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Thread: proving differentiablity

  1. #1
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    proving differentiablity

    Show that if $\displaystyle f:\mathbb{R}\rightarrow\mathbb{R}$ is differentiable at $\displaystyle x=1$,

    $\displaystyle \lim_{x\to 1}{\frac{f(x^2)-f(1)}{x^2-1}}=f'(1)$

    How do we go about proving it? Thanks in advance.
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  2. #2
    MHF Contributor FernandoRevilla's Avatar
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    Re: proving differentiablity

    Hint By definition, $\displaystyle f'(1)=\lim_{t\to 1}\frac{f(t)-f(1)}{t-1}$ .
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    Re: proving differentiablity

    Quote Originally Posted by FernandoRevilla View Post
    Hint By definition, $\displaystyle f'(1)=\lim_{t\to 1}\frac{f(t)-f(1)}{t-1}$ .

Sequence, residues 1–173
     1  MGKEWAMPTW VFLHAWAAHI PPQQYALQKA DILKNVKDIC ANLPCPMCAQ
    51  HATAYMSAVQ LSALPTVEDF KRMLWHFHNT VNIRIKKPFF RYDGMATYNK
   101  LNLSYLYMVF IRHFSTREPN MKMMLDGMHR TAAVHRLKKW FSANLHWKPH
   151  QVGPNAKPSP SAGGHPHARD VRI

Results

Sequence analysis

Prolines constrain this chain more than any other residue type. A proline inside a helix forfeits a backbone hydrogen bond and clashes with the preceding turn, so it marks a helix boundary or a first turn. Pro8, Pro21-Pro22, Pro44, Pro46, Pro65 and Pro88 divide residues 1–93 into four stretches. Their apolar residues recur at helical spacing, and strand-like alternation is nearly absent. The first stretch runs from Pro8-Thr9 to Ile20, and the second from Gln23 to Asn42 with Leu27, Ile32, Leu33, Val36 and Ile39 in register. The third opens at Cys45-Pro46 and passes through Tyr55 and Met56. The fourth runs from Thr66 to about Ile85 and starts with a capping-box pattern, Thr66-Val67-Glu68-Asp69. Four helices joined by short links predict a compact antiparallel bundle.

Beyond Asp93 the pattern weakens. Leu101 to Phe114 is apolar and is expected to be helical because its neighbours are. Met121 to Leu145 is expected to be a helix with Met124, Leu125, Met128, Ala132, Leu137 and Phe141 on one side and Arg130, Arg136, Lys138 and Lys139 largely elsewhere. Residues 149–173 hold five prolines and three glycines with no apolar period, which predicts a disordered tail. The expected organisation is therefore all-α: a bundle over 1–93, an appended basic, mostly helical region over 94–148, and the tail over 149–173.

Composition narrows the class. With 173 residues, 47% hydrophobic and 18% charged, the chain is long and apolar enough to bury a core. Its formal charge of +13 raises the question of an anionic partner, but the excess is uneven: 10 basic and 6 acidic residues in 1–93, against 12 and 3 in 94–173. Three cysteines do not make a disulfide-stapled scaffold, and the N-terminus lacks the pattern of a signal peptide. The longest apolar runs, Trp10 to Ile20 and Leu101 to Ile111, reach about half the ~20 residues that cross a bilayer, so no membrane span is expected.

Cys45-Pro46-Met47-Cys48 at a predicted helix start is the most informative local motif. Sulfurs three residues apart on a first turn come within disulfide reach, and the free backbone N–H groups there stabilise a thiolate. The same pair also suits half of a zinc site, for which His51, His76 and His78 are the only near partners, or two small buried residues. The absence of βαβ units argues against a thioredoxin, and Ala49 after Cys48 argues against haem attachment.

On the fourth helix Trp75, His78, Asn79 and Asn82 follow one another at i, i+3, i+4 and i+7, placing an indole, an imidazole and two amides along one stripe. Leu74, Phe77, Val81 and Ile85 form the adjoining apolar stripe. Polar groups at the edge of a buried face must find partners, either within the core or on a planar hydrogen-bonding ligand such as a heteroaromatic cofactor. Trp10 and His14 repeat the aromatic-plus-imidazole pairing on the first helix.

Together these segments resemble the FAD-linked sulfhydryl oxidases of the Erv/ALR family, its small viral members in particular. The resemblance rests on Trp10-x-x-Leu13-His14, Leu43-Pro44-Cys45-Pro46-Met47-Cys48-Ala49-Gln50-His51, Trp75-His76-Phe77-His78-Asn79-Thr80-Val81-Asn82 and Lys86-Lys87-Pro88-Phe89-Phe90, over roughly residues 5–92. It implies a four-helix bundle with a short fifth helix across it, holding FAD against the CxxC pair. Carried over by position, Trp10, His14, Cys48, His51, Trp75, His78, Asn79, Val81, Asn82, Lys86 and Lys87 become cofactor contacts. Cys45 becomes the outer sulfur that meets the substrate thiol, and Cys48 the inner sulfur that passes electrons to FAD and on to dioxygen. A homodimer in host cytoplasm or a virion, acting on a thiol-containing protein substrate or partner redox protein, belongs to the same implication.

$\displaystyle t\rightarrow{1}\Rightarrow{t^2}\rightarrow{1}$, but $\displaystyle t^2\rightarrow{1}\nRightarrow{t}\rightarrow{1}$, so is it right to say
    $\displaystyle f'(1)=\lim_{t\to 1}\frac{f(t)-f(1)}{t-1}=\lim_{t^2\to 1}\frac{f(t^2)-f(1)}{t^2-1}=\lim_{t\to 1}\frac{f(t^2)-f(1)}{t^2-1}$ ?
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    MHF Contributor FernandoRevilla's Avatar
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    Re: proving differentiablity

    Quote Originally Posted by alphabeta89 View Post
    $\displaystyle t\rightarrow{1}\Rightarrow{t^2}\rightarrow{1}$, but $\displaystyle t^2\rightarrow{1}\nRightarrow{t}\rightarrow{1}$, so is it right to say
    $\displaystyle f'(1)=\lim_{t\to 1}\frac{f(t)-f(1)}{t-1}=\lim_{t^2\to 1}\frac{f(t^2)-f(1)}{t^2-1}=\lim_{t\to 1}\frac{f(t^2)-f(1)}{t^2-1}$ ?
    Use the substitution $\displaystyle t=\sqrt{x}$ so, $\displaystyle \lim_{x\to 1}\frac{f(x^2)-f(1)}{x^2-1}=\ldots$
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    Re: proving differentiablity

    Quote Originally Posted by FernandoRevilla View Post
    Use the substitution $\displaystyle t=\sqrt{x}$ so, $\displaystyle \lim_{x\to 1}\frac{f(x^2)-f(1)}{x^2-1}=\ldots$
    So is it correct to say that
    $\displaystyle \lim_{x\to 1}\frac{f(x^2)-f(1)}{x^2-1}=\lim_{\sqrt{t}\to 1}\frac{f(t)-f(1)}{t-1}=\lim_{t\to 1}\frac{f(t)-f(1)}{t-1}=f'(1)$?
    Last edited by alphabeta89; Jan 12th 2012 at 09:07 PM.
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